below  Swampy  lake.     Established before 1812,  at which
time   it was  in charge   of  John McLeod,   chief trader.
It was   included  in  the  1856 list  of posts  but  omitted
from the  186.9  and   later lists.     Shown  on maps No.8,
.140,77,   100 & 101.     Sometimes  called Old Rock House.
476 Rocky Mountain House  (1)
Five trading posts were known as Rocky
Mounta in H ou s e:-
North West Co.  post  on North Saskatchewan
river,   \\   miles  above mouth  of Clearwater  river,   5
miles below pangman's tree   (1790)   on north bank  of
river,   70 yards   from  river's  edge.     It  stood  on high
bank,  well adapted   for defense    as block-houses  commanded  the fort.     Of exceptional strength being in
territory of Blackfeet  Indians.     Hence it was   sometimes  called  "Blackfeet post".    Built by John
McDonald   of Garth  in 1602,  although  the  first  structure was  erected  in  1799.     It was  visited  by  Thompson
in 1800 and 1806 and  by A.  Henry Jr.   1811.     It was
the uppermost  permanent  post  of the North Y/est Co.on
the  Saskatchewan river.     Ruins were  still  visible in
1886.     After union of the  two eoirqanies  it was   occupied  by  the Hudson's Bay Co.   for many years and
finally discontinued  in  1875.
The Hudson's Bay Co.   constructed a fort
near by   (about  114059'W.  & 52og2'N.)   called Acton
House  or Rocky Mt.  House,   both names  being given  on
some  maps.     See Acton Hous*j.  Maps No.   8,36,11,100,
101.
  477 Rocky Mountain House   (2)
Called also Old  Rocky Mt.   Fort.
North West Co.  fort   on Mackenzie river-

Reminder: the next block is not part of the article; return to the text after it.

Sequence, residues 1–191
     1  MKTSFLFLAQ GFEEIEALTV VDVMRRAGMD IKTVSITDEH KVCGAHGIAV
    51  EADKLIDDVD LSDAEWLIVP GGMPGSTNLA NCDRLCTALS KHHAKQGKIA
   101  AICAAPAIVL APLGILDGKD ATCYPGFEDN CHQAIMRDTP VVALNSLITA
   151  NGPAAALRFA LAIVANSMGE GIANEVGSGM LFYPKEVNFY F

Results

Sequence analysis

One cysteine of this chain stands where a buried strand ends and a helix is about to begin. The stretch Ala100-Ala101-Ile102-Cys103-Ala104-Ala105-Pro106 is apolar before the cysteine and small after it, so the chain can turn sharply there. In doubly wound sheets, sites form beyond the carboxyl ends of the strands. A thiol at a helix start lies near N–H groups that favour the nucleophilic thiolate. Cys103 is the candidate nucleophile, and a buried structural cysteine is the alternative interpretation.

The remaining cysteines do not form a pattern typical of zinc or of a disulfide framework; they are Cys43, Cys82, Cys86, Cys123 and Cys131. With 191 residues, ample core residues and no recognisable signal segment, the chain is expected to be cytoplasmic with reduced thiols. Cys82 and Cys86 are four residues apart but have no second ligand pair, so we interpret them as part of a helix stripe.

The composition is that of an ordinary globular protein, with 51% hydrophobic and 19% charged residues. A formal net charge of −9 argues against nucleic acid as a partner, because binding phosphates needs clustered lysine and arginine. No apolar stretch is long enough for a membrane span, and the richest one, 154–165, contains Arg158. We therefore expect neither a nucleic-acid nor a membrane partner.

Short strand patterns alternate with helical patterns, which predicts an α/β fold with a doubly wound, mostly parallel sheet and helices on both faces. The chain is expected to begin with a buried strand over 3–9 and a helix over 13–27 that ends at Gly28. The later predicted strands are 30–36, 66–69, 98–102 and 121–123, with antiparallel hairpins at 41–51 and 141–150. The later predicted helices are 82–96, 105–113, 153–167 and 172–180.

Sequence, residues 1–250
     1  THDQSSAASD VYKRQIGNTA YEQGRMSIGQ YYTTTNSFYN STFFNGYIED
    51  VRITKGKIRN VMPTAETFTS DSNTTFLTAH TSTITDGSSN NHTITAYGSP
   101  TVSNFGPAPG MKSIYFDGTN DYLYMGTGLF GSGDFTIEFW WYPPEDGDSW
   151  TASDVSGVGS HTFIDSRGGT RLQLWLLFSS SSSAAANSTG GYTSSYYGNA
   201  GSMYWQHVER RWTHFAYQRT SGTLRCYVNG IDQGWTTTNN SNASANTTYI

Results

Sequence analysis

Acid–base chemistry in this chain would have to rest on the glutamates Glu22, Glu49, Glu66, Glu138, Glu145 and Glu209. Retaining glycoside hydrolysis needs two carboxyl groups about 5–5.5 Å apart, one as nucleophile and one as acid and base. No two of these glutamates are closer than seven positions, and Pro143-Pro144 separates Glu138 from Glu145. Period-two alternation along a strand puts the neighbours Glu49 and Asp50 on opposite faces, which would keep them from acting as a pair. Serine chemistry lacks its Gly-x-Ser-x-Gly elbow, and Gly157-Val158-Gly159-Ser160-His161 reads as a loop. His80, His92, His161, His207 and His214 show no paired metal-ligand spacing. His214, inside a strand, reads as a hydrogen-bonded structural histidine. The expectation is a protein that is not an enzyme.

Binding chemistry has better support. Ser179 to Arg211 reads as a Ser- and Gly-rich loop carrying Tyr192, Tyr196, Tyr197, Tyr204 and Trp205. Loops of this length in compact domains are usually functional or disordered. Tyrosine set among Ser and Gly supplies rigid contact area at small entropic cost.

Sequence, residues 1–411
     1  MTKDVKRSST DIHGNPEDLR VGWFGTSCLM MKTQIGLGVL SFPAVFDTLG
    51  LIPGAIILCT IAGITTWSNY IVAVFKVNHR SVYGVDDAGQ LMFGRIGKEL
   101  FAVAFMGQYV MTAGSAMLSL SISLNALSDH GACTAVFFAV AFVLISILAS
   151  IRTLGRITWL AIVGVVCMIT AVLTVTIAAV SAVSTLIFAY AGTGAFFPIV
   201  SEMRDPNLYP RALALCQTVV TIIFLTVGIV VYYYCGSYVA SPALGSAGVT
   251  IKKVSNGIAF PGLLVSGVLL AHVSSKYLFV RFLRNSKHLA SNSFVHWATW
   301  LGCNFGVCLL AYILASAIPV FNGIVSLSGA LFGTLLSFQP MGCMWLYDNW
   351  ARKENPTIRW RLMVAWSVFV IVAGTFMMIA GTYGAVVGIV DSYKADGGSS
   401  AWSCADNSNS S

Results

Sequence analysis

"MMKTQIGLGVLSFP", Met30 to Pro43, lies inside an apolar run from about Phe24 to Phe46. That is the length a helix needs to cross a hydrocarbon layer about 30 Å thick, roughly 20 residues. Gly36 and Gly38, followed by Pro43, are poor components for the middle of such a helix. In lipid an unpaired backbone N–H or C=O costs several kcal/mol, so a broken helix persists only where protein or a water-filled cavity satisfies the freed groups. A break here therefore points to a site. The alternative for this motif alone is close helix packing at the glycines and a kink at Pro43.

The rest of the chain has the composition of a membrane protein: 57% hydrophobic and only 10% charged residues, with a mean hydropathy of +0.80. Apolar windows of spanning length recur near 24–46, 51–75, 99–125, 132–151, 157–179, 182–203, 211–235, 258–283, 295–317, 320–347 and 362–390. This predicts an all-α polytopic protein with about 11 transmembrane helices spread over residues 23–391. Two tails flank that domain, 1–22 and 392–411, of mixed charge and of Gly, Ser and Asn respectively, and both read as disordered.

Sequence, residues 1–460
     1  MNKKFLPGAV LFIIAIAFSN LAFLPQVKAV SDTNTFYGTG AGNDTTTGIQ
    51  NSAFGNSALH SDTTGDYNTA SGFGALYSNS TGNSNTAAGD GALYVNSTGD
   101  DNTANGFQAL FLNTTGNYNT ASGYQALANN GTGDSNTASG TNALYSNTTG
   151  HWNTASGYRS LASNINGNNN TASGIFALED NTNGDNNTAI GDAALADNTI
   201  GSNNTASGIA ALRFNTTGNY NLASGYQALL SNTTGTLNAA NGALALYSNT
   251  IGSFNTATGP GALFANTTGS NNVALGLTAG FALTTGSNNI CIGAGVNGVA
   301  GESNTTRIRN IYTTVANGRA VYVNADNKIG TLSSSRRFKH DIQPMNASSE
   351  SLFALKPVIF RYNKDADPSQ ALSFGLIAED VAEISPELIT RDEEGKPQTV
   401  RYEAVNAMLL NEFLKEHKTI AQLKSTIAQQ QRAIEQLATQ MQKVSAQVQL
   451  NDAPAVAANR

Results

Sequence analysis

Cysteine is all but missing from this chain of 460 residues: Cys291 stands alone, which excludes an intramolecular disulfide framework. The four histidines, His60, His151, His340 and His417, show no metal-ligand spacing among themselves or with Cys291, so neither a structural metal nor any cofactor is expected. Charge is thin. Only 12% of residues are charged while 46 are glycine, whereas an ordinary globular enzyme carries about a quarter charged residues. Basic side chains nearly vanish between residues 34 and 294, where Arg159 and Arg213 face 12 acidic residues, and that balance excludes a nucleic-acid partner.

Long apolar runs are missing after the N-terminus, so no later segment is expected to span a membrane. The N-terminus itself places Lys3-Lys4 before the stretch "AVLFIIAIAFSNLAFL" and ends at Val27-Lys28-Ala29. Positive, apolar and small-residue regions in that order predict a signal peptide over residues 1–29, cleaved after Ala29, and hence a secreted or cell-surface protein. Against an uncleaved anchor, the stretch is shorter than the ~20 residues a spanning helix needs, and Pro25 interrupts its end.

about  123020'W.&  62015'N.     Built  by John Thomson,
clerk  in N.W,   Co.,1800,   "in full  view  of Rocky Mts.
at whose  smallness  I was  greatly surprised."     It
was  soon abandoned and  spoken of by Alex. Mackenzie
in 1805 as   Old Rocky Mt.   fort.     Ruins are now
visible  in Camsell Bend  near mouth  of Nahanni  river.
It  is  marked   "Old Fort"   on Arrowsmith map 1832 No.
101.     see also maps No.3,1,100,8.
The   following  forts were also called
Rocky mountain House,  namely:
Jasper House No.   245 , • Euds on' s Hope No.   227,  Acton
House No.-3,  Henry's House No.   218.
478 Romaine
Hudson's  Bay  Co.   trading post  on lower
St.Lawrence at mouth of river Rcmaine  (about 60°30'
H).     Originally   this was  French post  built before
1710.     It stood,  in the territory  granted  to the
Labrador Company of  Quebec  1780.    'This  Company  dissolved  in 1820 and   the Hudson's Bay Co. acquired
the  post.     It was   reported as  a Hudson's Bay Co.
post  in 1831 and  is   still  in  operation.     It is
shown on Bouchette's map 1846 and   on Bayfield's   .
of  1857.     The  post and   river were also called  Oloma
noshibo,   Ouramane,   Grand  Romaine,  and Old  Romaine.
See Musquarro.
479    Fort Rosalie
French fort,   site now   occupied  by present  city of Natchez,   Mississippi.     Stood   on  left
bank   of the  river,  about   150  miles north  of mouth.
It was   built  by Bienville 1716,   of wood  with a
ditch,   on high bluff 200  feet  above  the  river.     The
place was  destroyed and many of the inhabitants
murdered   in 1729   by Natchez  Indians.     Fort was  rebuilt  and  came into  possession  of the  English 1763
by the Treaty  of Paris and   the  name  was   changed  to
Fort Parmure.     It  is   marked"destroyed"   on Bellin's
map 1755 No.   93,  also  on Bowen map  1763 No.   98,  and    j
Rocque's map 1763,  No.   96.     See also palairet  map
1755 No.   119 and  Mitchell map  1775 No.  111.
480    Fort Rouge
French fort at   forks   of Red  and  Assini-    \
boine  rivers,   on south  bank  of Assiniboine  river.
Built   by Verendrye  1734-5.     was   deserted before
1737 as  unnecessary.     St.Pierre wintered  there 1751-
52,   fort  La  Reine having been  burnt.     It was a  small \
log  fort palisaded.     Legardeur  St.Pierre  in 1751
built   his   own  fort  on  the north side  of  the Assini-    \
boine.     Near the  3ite  of Fort Rouge and   the  site  of    I
  La Pierre's fort   other small forts and shelter
houaes were built  by Bruoe and  Boyer in 1780,  and
by Alex.  Henry 1803,  also the   original  fort
Gibraltar 1807.     Fort Rouge is marked  "abandoned"
on Jeffery's map 1762,  also  on Rocque's  1763   (No.
96).     Its location is  shown  on  the south  side  of